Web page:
Planned Giving

With the long-term goals of providing for your loved ones, reducing taxes, and remembering worthy causes, there are many ways to structure your future giving that can mutually benefit you, the community, and your favorite charitable organizations.

Why work with us on your planned giving?

  • Endowment Growth: An endowment allows you to generate more funding in the long run than an initial outright donation would have, thus having greater long-term impact. Read more about the Power of Endowment.
  • Oversight: We’ve been a trusted partner in Forsyth County since 1919. As our community’s needs and opportunities continue to change, the Foundation will be here to steward your gifts according to your intent.
  • Flexibility: We can work with you to create a Revocable Trust Agreement outlining your future charitable plans. There is no fee to establish the agreement or to make future changes.

How Can I Establish a Future Gift?

There are many ways to create lasting community impact through a planned gift. The following planned gifts can be utilized during your lifetime, and beyond:

Bequest

Include specific language in your will or trust naming a new or existing fund at the Foundation as the beneficiary of a testamentary gift. You can specify a specific dollar amount, a percentage of your estate, or the remainder of your estate. Your estate receives a charitable deduction equal to the value of your gift.

Retirement Plan

Beneficiary Designation: By designating the Foundation as the sole or partial beneficiary of assets remaining in a retirement plan, after death your proceeds would be directed to a Foundation endowment with charitable purposes.  This strategy can be far more advantageous than having those assets included in a taxable estate or leaving them to heirs.

IRA Qualified Charitable Distribution: Under current legislation, holders of traditional and Roth IRAs who are at least 70-1/2 years old can make direct charitable transfers annually of up to $100,000 per taxpayer. As a qualified public charity, we can help you execute the transfer to either an existing or a new fund.

Note: under current law, IRA Charitable Rollovers cannot be directed to Donor-Advised Funds, Charitable Remainder Trusts, or supporting organizations.  Learn more

Charitable Remainder Trust

A charitable remainder trust (CRT) allows you (or someone who you select) to receive income, knowing that whatever remains will benefit your charitable interests. Cash, stock, property, or other assets are placed into a trust that distributes to the “income beneficiary” an annual income for life or for the duration of the trust. As a donor, you would receive an immediate tax deduction for the present value of the gift. After death or at the end of a specified trust term (up to 20 years), the remainder of the trust transfers to a fund that has been named at the Foundation or to a specific charitable organization.  The minimum gift to establish a CRT with the Foundation serving as Trustee is $100,000.

Charitable Lead Trust

A charitable lead trust (CLT) enables you to make significant charitable gifts now while transferring substantial assets to beneficiaries later.  This is how it works: a trust is set up from which the Foundation receives annual payments for your life or for a specified number of years (up to 35 years).  These payments may be distributed to any fund you specify.  When the trust terminates, the trust principal is returned to you or distributed to your children or to others you may designate.  The trust assets pass to the recipients at reduced tax cost, sometimes even tax-free.  The minimum gift to establish a CLT at the Foundation is $1 million.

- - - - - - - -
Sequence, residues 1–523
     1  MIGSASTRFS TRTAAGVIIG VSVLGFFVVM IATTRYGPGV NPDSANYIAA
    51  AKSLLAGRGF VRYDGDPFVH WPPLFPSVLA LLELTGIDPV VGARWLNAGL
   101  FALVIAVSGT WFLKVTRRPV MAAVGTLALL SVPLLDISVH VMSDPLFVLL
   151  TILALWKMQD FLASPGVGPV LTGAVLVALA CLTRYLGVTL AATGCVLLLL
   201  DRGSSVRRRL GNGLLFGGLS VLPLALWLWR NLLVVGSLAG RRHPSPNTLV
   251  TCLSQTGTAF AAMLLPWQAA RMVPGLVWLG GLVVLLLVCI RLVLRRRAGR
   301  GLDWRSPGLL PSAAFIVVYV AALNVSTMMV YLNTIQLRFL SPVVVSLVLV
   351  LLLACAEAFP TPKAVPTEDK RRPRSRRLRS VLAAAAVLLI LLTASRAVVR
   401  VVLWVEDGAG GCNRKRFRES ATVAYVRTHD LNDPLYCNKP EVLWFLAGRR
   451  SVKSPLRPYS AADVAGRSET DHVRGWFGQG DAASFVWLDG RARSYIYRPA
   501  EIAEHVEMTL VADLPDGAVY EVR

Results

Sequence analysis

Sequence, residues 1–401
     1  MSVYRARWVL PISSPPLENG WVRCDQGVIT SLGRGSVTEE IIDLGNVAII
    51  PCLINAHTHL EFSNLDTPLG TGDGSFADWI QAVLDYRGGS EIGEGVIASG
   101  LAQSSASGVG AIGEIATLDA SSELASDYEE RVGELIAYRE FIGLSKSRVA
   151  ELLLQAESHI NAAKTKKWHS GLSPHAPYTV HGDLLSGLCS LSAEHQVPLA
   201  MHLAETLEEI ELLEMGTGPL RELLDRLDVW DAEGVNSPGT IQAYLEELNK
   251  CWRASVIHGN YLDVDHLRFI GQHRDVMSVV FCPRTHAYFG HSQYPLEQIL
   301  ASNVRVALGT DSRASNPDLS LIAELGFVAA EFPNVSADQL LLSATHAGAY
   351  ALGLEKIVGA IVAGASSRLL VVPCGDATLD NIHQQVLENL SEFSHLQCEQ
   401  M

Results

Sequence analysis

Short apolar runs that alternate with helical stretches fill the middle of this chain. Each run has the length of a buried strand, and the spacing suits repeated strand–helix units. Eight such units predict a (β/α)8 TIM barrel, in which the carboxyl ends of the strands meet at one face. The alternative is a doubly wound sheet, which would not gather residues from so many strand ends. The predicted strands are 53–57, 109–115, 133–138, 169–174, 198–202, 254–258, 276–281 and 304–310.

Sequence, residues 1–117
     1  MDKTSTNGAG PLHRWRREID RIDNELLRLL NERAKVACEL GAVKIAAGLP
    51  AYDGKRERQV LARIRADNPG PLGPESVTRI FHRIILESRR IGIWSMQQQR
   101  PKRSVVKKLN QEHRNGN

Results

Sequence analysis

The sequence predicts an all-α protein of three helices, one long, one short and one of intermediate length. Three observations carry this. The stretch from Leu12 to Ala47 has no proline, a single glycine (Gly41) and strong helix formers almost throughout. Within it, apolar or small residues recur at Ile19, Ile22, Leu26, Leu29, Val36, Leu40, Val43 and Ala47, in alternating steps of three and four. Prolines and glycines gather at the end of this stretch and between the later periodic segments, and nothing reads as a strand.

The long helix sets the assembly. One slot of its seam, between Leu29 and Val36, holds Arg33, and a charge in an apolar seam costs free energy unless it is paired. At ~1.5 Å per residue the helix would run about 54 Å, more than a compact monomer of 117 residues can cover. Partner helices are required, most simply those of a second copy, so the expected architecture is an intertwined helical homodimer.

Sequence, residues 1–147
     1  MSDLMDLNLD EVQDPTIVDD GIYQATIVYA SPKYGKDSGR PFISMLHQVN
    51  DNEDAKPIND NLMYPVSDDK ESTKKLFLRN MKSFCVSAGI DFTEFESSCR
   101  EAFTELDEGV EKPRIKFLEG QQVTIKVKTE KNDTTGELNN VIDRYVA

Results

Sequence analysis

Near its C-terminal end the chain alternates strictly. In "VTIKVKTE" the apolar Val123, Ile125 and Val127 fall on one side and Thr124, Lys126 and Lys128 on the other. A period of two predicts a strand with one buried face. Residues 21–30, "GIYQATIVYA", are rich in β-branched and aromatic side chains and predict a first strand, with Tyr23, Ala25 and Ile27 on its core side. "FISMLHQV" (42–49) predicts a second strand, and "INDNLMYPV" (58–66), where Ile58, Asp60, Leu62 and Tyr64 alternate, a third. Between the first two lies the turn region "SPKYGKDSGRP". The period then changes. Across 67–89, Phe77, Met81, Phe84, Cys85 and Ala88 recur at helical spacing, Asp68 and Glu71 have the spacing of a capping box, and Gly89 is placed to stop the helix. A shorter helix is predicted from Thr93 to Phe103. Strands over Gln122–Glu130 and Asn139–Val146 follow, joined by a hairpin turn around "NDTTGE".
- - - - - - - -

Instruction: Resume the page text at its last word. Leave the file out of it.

Life Insurance


There are two easy and beneficial ways that you can use life insurance to fund your giving. If you have a paid-up (or cash value) life insurance policy that is no longer needed for its intended purpose (e.g., your children are grown, your spouse has predeceased you, or tax laws have changed), you can give the policy to the Foundation. The policy will be cashed in, and the proceeds can be used immediately to create any type of fund. Life insurance can also be part of your estate planning by naming the Foundation as a partial and/or contingent beneficiary of an insurance policy's death benefit. If one or more of the primary beneficiaries predecease you, their share can go directly into a fund established at the Foundation.

Retained Life Estate

You can turn property values into community good while receiving financial and tax benefits by making a charitable gift of real estate. A retained life estate allows you to continue to live in and fully enjoy your home (or vacation property) as long as you like, while giving future ownership to the Foundation.

The gift of the “remainder interest” is a charitable contribution in the year in which the gift arrangement is made, which may result in a substantial charitable income tax deduction. When the life tenancy terminates, the Foundation becomes the property's owner. The proceeds of the property's sale can be transferred to a charitable fund established at the Foundation to support your charitable interests.

Tools for Documenting your Charitable Intent

Our legal name is The Winston-Salem Foundation, and our tax ID number is 56-6037615.

Have you already included The Winston-Salem Foundation in your estate plan? Please contact us so we can make sure your intent is documented.

stories of impact: donors

Spirit of Generosity

“First things first,” Mrs. Bess Gray Plumly would often say. And for her, “first things” were always church, family, and community.

Read story
for more information
Annette Lynch
Vice President, Advancement
alynch@wsfoundation.org
(336) 714-3455
Susan Elster
Philanthropic Advisor
selster@wsfoundation.org
(336) 714-3451